March 5, 2019
Nguyen co-authors article published in top-tier journal Economics of Education Review
Are Pell Grants worth the investment?
According to an in-depth research study recently published by Tuan Nguyen, K-State College of Education assistant professor, the answer is yes.
Nguyen co-authored the journal article "Monetary Substitution of Loans, Earnings, and Need-based Aid in Postsecondary Education: The impact of Pell Grant Eligibility" with his former graduate school advisor, Brent J. Evans, assistant professor of public policy and higher education at Vanderbilt University.
The article appears in the Economics of Education Review and is currently available online. The journal publishes research on education policy and finance, human capital production and acquisitions, and the returns to human capital.
"We are very excited this paper has been published as it provides consistent and causal evidence of the effects of an important federal policy, the Pell Grant, on postsecondary outcomes, and it examines some potential mechanisms for these effects via the substitution of work and loans from the increased grant aid," Nguyen said.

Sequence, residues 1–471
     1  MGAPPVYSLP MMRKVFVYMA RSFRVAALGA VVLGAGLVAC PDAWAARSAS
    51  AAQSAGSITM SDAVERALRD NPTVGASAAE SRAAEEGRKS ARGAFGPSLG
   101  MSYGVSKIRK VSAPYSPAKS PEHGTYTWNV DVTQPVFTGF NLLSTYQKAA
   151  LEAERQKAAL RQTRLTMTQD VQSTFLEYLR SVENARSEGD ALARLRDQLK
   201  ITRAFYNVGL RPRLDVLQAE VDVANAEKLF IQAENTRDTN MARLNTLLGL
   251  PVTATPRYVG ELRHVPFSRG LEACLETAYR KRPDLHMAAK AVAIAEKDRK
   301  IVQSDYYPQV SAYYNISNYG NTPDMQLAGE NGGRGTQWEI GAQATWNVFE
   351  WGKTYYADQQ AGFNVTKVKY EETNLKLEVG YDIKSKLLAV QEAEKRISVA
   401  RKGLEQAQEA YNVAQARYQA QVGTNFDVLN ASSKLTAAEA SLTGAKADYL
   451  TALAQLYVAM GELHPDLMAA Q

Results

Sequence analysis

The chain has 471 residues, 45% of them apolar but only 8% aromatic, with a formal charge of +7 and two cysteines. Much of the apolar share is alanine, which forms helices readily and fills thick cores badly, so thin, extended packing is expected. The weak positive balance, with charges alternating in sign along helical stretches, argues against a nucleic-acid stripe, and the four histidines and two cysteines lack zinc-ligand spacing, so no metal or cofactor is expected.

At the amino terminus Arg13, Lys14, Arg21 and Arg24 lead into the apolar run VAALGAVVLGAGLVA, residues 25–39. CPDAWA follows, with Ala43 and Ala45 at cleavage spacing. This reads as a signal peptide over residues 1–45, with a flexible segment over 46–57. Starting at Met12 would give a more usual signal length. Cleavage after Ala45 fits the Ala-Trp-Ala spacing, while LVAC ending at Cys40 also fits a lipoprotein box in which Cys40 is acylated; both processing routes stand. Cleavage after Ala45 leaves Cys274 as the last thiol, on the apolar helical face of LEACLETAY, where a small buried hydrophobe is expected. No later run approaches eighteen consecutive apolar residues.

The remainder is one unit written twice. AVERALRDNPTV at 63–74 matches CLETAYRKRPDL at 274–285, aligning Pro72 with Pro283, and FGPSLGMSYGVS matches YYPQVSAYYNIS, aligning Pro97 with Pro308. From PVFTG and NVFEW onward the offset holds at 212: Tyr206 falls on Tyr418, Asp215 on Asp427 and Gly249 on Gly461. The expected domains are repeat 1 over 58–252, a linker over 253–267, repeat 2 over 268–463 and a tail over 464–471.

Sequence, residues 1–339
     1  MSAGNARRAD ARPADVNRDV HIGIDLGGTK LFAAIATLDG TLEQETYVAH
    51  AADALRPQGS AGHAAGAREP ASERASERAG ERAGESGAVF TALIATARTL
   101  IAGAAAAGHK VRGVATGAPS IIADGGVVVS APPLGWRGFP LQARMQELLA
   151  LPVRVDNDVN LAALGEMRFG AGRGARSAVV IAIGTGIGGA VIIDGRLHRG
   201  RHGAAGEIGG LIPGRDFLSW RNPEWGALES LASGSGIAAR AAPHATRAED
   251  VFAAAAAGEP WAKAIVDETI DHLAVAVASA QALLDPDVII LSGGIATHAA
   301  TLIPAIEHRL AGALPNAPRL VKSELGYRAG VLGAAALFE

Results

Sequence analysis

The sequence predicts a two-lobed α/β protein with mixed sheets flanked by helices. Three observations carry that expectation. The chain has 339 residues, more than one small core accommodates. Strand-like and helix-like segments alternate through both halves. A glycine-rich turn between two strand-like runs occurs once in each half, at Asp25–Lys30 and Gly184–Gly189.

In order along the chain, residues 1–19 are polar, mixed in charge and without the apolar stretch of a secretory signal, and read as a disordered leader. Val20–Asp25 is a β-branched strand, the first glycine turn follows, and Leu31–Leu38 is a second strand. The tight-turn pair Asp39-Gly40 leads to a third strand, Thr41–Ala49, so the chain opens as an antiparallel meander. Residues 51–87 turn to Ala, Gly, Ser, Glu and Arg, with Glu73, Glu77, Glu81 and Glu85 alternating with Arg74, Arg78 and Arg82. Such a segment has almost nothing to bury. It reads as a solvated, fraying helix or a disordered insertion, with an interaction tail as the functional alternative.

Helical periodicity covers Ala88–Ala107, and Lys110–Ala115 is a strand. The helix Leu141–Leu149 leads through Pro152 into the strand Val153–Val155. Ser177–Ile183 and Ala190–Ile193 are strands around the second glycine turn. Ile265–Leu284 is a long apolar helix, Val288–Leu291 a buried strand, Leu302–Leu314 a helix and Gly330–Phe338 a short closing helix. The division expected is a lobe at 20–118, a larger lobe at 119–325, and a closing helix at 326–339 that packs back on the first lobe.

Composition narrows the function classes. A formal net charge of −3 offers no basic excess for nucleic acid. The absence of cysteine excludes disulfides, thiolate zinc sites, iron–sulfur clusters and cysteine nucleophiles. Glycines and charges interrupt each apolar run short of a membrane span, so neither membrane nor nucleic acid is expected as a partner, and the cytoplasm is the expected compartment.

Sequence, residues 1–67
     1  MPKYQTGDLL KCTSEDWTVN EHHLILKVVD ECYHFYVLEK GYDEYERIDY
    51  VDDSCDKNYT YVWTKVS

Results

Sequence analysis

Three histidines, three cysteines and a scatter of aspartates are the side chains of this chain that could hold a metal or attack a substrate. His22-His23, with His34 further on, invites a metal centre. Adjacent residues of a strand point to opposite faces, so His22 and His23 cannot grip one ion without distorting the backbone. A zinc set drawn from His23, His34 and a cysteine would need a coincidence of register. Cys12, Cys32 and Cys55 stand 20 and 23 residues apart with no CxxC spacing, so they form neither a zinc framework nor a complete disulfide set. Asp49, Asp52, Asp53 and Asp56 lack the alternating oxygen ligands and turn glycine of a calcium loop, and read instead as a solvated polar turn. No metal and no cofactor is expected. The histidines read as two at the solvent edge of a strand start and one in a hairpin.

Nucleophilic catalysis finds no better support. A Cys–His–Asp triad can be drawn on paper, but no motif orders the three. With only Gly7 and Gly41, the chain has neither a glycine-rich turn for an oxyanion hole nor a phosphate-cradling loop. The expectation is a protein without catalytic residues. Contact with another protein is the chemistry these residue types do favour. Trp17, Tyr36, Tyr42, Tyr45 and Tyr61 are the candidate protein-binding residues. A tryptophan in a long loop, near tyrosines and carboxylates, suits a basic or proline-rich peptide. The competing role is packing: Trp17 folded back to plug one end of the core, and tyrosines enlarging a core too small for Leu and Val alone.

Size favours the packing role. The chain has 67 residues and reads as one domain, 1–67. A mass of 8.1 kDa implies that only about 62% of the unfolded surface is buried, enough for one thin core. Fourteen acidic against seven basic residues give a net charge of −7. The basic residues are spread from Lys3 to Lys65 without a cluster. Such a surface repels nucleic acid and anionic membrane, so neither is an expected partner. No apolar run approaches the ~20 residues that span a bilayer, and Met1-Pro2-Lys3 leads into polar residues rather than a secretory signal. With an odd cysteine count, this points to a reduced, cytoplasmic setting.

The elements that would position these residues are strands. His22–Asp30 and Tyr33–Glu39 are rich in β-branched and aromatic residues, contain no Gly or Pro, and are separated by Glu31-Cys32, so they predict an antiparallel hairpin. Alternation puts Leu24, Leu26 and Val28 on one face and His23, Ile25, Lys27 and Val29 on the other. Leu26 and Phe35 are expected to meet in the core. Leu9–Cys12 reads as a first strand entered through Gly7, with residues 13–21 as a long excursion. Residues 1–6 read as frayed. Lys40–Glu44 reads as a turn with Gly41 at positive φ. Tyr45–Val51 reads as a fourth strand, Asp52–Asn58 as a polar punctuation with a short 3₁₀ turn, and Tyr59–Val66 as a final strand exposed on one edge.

Nguyen said the study of the Pell Grant is of great interest to policymakers and researchers because until recently there has not been rigorous evidence of its effects and effectiveness in student persistence and academic outcomes. This new study provides strong causal evidence that Pell Grant eligibility provides students with additional grant aid, particularly at four-year institutions.
The researchers discovered that the Pell Grant leads to an increase in GPA for men and a within-year persistence of 2 to 3 percentage points for women.
"Our evidence suggests that grant aid in general, and Pell Grant specifically, does help students persist or perform better academically," Nguyen said. "As such, we've determined it is a valuable tool, worthy of continued public and private investment."